Here’s what makes some people reject science.
They see the famous, late physicist Stephen Hawking—who held Newton’s chair at Cambridge and who wrote the multimillion bestseller A Brief History of Time—declare:
“One can’t prove that God doesn’t exist. But science makes God unnecessary.”
Or they read physicist Lawrence Krauss, in an op-ed piece from The New Yorker titled, “All Scientists Should Be Militant Atheists”:
“It’s ironic, really, that so many people are fixated on the relationship between science and religion: basically, there isn’t one. In my more than thirty years as a practicing physicist, I have never heard the word ‘God’ mentioned in a scientific meeting.”
Then they say to themselves,
“If God isn’t a factor in science, and since I want God in my life, I’ll let go of science.”
Rice Kernals of Truth
Yes, these scientists have impressive credentials, but why do their words speak so loudly?
A few months ago, on a hot, humid day in a stately building at Rice University, I found myself around the table discussing the social scientific findings with a team that Elaine Howard Ecklund had assembled. It filled in some blanks about why I, as a Christian, love science, but so many other believers aren’t so sure when they hear Krauss and Hawking.
Ecklund and her colleague in sociology, Christopher Scheitle, indeed found that most Americans want God and science. About two-thirds of Americans and almost half of evangelicals (48%) believe science and religion have a collaborative relationship. But they reject this attitude that God isn’t a part of scientists’ work. And this indicates why religious Americans generally agreed with this statement:
“Scientists should be open to considering miracles in their theories and explanations.”
Ecklund and Scheitle found that “38% of Americans agreed with that statement, while 21% disagreed and 41% had no opinion. Among evangelicals, 60% agreed that scientists should be open to considering miracles.”
Honestly, this is a bit funky since scientists study the interactions of nature. Yes, God is outside of nature and can do things that scientists, who solely study nature, might not talk about. So I’m not convinced they should be considering miracles in “their theories and explanations.”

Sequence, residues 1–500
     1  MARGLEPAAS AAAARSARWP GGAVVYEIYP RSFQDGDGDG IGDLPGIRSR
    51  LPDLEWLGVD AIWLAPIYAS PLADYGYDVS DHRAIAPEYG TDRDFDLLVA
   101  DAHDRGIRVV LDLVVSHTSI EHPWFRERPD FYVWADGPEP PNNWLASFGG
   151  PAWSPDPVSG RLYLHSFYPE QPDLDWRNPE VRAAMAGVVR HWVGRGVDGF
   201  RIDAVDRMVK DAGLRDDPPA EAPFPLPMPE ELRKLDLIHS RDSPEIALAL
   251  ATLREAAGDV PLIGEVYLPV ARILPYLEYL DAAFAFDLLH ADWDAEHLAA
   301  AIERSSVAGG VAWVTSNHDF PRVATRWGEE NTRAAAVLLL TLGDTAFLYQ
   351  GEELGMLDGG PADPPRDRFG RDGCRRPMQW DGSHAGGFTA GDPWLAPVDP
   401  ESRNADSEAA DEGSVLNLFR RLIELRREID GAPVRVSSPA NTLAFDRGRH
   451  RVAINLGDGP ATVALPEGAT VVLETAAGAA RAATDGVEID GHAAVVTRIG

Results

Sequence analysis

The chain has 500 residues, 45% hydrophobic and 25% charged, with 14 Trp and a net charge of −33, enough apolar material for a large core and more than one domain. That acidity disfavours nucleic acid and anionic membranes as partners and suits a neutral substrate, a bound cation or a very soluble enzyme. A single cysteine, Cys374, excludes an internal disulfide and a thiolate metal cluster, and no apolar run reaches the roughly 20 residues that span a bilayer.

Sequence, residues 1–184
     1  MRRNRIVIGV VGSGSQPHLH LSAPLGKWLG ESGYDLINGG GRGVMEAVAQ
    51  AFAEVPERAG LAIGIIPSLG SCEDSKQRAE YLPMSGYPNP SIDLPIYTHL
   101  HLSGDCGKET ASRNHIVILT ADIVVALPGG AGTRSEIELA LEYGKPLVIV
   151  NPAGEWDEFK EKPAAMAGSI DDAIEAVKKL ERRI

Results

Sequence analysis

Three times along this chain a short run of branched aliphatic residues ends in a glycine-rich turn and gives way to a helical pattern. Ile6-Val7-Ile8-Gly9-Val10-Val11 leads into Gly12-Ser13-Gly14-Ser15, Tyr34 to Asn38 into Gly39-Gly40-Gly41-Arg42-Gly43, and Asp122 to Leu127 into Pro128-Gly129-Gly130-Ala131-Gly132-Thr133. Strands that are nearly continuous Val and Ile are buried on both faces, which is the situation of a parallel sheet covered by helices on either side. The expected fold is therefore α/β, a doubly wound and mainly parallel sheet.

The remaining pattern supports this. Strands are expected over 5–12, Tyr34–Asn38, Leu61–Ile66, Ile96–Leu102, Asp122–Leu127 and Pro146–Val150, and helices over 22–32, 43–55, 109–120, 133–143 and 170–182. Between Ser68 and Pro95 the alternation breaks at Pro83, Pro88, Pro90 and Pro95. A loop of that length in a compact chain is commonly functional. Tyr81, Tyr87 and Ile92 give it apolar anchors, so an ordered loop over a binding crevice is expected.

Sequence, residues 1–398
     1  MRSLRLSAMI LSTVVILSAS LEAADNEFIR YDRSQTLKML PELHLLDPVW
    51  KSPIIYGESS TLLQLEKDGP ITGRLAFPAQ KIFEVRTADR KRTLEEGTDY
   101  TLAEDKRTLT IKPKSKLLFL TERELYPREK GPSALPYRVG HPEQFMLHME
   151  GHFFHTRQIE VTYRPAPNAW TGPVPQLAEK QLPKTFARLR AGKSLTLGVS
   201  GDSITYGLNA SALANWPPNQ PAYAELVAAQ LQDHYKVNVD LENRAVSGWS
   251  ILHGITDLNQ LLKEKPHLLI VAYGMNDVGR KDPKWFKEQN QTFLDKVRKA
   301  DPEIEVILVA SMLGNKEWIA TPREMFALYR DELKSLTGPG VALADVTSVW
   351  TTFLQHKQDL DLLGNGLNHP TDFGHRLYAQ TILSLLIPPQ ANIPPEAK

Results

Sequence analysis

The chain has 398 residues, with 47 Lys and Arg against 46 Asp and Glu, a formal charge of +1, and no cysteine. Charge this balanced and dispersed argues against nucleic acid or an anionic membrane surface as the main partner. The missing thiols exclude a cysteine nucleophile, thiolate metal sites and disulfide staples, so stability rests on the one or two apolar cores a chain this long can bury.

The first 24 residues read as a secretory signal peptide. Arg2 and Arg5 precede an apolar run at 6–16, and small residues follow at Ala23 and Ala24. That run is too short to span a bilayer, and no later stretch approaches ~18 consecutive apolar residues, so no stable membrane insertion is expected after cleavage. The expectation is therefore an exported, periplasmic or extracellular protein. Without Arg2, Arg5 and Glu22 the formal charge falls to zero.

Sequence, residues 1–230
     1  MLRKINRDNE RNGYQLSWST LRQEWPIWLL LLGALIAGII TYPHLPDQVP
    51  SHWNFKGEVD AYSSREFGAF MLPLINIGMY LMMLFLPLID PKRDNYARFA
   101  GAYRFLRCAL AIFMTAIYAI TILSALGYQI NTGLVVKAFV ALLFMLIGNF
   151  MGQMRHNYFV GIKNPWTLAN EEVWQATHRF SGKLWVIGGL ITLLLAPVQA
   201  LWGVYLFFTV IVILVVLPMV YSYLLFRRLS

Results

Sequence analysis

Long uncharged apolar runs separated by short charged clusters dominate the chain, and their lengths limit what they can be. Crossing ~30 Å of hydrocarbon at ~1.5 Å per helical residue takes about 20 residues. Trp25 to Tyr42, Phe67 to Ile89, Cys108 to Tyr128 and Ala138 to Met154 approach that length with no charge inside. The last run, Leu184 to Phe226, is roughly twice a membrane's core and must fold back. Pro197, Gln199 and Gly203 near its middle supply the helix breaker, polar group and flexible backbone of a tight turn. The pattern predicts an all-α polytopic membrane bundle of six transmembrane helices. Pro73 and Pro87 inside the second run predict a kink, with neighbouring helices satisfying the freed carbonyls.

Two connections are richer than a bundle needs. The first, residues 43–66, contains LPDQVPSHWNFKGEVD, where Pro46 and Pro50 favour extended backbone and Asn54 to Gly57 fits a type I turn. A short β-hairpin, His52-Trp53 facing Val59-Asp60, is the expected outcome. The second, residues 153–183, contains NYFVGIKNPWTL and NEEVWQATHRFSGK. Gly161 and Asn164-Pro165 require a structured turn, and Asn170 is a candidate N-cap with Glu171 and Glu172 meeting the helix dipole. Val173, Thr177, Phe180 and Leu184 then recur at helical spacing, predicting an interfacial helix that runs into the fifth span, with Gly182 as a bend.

Still our gut instinct is we want God and science. And this leads to a question: Are there places that talk about both science and God? Yes, starting with some of the resources here:
- The Language of God, by Francis Collins, director, NIH
- Collins, in National Geographic: “Why I’m a Man of Science—and Faith”
- Richard Dawkins’ famous TED talk for a different take on science and God
- Ecklund & Scheitle’s book on Religion vs. Science
- Ecklund debunks the myth that faith and science are in conflict
- Testimonies with leading scientists, historians, philosophers on religion
- This church describes itself as one “that takes God and science seriously”
- Like many science and faith geeks, we’re big fans of Francis Collins. We wrote about the importance of his public voice and his life of faith here.
Hear It From an Expert
The “Dive Deeper” section above includes a couple of resources from Francis Collins, head of the National Institutes of Health and the geneticist behind the Human Genome Project.
Collins doesn’t blur science and God, but knows they are complementary, as he told National Geographic, “At the most fundamental level, it’s a miracle that there’s a universe at all. It’s a miracle that it has order, fine-tuning that allows the possibility of complexity, and laws that follow precise mathematical formulas. Contemplating this, an open-minded observer is almost forced to conclude that there must be a ‘mind’ behind all this. To me, that qualifies as a miracle, a profound truth that lies outside of scientific explanation.”
That all seems to make better sense. And it keeps God and science in view.